Even though people wearing bad wigs and make-up wink to us with every sentence, the whole “situational” humor of it is based on a shared acknowledgement of some truth of their statements. I understand the parody of it and the idea of irony, but there is something utterly annoying and problematic in all those clumsy attempts of drag performativity. Although I tried to draw a timeline and trace how the meme mutated, this element was present throughout the whole process, even when people where making fun of their own identity. But especially when it was targeting some other gender/racial/sexuality category it turned out to be problematic. Similarly to cross-dressing in classic (and reactionary) movies like Tootsie (1984) or Mrs. Doubtfire (1993), it functions as a symptom of backlash against feminism. That is how it works in the first iteration of sexist videos for sure. However, I think that the “subversive” line of the meme is not that subversive after all. Consider this latest video “Shit (Young, White, Class-privileged, City-based) “Radical Queers” Say to Each Other”

At first I thought I will find this one somewhat more engaged and that I will welcome this kind of irony. Watching it after a meeting of my radical queer group I laughed a lot. Until I talked to someone about it and that person told me that the video makes her feel uncomfortable. I didn’t notice that in the beginning, but now that I think about it, I couldn’t have noticed that. My lack of knowledge about the context and my own privilege blinded me to welcome that friendly fire with open arms. The creators of this video write:

We turned the lens toward ourselves as a way to exhibit how rampant transmasculine-centrism, radical queer snobbery/jargon and extreme anti-lesbian sentiment show up in young white ‘radical queer’ communities. Let’s continue to build inclusive communities of resistance while remembering our many herstories!

The transphobia of this piece remained transparent to me. This just shows how careful one has to be with posting another funny video, or repeating a joke (“you know I’m not racist, you get it”). Although completely unintentionally, people who made this video helped me understand my own position and prejudice.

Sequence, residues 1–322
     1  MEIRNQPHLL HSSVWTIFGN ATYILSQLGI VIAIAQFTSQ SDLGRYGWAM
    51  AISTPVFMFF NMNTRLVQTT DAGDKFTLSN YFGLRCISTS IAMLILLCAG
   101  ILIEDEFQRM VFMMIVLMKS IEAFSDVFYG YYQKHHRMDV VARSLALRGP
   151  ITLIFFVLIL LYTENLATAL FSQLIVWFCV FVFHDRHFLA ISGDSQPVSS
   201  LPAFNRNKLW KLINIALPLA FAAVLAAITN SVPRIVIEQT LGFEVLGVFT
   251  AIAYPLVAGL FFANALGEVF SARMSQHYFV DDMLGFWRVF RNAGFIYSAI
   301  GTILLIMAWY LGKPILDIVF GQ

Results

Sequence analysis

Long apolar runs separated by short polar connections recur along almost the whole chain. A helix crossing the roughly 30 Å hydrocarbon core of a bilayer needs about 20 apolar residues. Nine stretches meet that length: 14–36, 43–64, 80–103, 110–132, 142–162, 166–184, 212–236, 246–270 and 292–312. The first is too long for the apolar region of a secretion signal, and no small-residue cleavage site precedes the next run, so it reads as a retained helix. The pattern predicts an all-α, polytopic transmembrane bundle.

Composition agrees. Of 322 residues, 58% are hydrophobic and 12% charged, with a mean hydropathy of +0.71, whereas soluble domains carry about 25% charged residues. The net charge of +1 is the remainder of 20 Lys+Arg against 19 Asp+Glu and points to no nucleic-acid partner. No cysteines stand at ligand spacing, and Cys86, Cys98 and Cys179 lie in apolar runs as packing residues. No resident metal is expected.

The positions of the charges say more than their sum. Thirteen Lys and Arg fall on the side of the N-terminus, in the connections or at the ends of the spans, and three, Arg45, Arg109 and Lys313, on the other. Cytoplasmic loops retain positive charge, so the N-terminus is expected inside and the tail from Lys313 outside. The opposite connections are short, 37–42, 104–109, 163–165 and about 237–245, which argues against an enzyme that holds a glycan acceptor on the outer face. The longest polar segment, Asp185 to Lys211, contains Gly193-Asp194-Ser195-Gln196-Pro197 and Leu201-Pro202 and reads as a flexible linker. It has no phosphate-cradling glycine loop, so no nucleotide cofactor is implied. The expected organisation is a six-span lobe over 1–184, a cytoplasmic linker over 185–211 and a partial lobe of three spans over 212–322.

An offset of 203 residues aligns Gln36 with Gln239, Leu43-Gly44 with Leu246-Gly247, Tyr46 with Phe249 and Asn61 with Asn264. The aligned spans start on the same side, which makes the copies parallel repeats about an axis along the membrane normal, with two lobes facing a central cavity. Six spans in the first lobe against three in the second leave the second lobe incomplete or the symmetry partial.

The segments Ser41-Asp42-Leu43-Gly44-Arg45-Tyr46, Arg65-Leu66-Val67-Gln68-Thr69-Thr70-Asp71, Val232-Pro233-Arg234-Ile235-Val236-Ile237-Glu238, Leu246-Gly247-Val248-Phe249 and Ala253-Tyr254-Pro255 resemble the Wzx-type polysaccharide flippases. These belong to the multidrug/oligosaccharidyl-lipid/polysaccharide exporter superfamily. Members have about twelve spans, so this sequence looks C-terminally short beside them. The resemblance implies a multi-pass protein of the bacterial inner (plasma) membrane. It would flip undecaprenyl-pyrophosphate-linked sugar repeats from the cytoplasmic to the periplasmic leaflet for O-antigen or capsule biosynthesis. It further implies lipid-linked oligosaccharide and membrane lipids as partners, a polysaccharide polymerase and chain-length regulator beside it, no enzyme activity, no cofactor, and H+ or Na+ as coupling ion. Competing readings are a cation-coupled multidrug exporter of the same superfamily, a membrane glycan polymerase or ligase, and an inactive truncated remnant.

I honestly hope that this madness will end soon. The template started to get boring, repetitive, not really creative and just tiring. Now there are video about yogis, vegans, new age girls/guys, New Yorkers, or even nobody! There’s even one about feminists:

And again it’s problematic. The idea is that all the shit people say to feminists is wrong. Following this logic the video tries to show false stereotypes about feminists. In that sense unfortunately it falls into a “mainstream feminist” rant about how people confuse the movement with lesbians, women who refuse to conform oppressive norms that bound their bodies to ridiculous social standards of beauty, or just in general radical feminists. Guess what, there are feminists lesbians, feminists who don’t shave their legs, as well as radical feminists. It’s all part of the feminist struggle, so that “funny intervention” ends up shooting yourself in the foot.

Just to conclude:

Outside of “Shit Black Girls Say to White Girls,” none of the other videos got anywhere near the amount of play that “Shit Girls Say” and “Shit Black Girls Say” enjoyed. Maybe that’s because, as a culture, we are accustomed to laughing at stereotypes, but we aren’t prepared to unpack how we perpetuate them.

I think that the fact that this meme’s mutation went through very predictable phases makes it a perfect “trolling meme”. It’s easy and even lazy to use stereotypes in comedy without any effort of twisting them, unfolding, or crushing.